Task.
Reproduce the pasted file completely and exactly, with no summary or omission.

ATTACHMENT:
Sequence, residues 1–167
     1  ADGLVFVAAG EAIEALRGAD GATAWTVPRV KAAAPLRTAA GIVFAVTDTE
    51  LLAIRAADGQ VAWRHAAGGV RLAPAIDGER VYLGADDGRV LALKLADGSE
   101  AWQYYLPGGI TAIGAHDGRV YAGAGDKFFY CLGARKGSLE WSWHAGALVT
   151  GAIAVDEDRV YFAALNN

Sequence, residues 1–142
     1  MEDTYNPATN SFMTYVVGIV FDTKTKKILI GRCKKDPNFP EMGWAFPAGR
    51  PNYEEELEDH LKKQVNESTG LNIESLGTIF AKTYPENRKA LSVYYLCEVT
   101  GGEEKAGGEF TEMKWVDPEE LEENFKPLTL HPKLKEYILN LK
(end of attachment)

Sequence, residues 1–167
     1  ADGLVFVAAG EAIEALRGAD GATAWTVPRV KAAAPLRTAA GIVFAVTDTE
    51  LLAIRAADGQ VAWRHAAGGV RLAPAIDGER VYLGADDGRV LALKLADGSE
   101  AWQYYLPGGI TAIGAHDGRV YAGAGDKFFY CLGARKGSLE WSWHAGALVT
   151  GAIAVDEDRV YFAALNN

Sequence, residues 1–142
     1  MEDTYNPATN SFMTYVVGIV FDTKTKKILI GRCKKDPNFP EMGWAFPAGR
    51  PNYEEELEDH LKKQVNESTG LNIESLGTIF AKTYPENRKA LSVYYLCEVT
   101  GGEEKAGGEF TEMKWVDPEE LEENFKPLTL HPKLKEYILN LK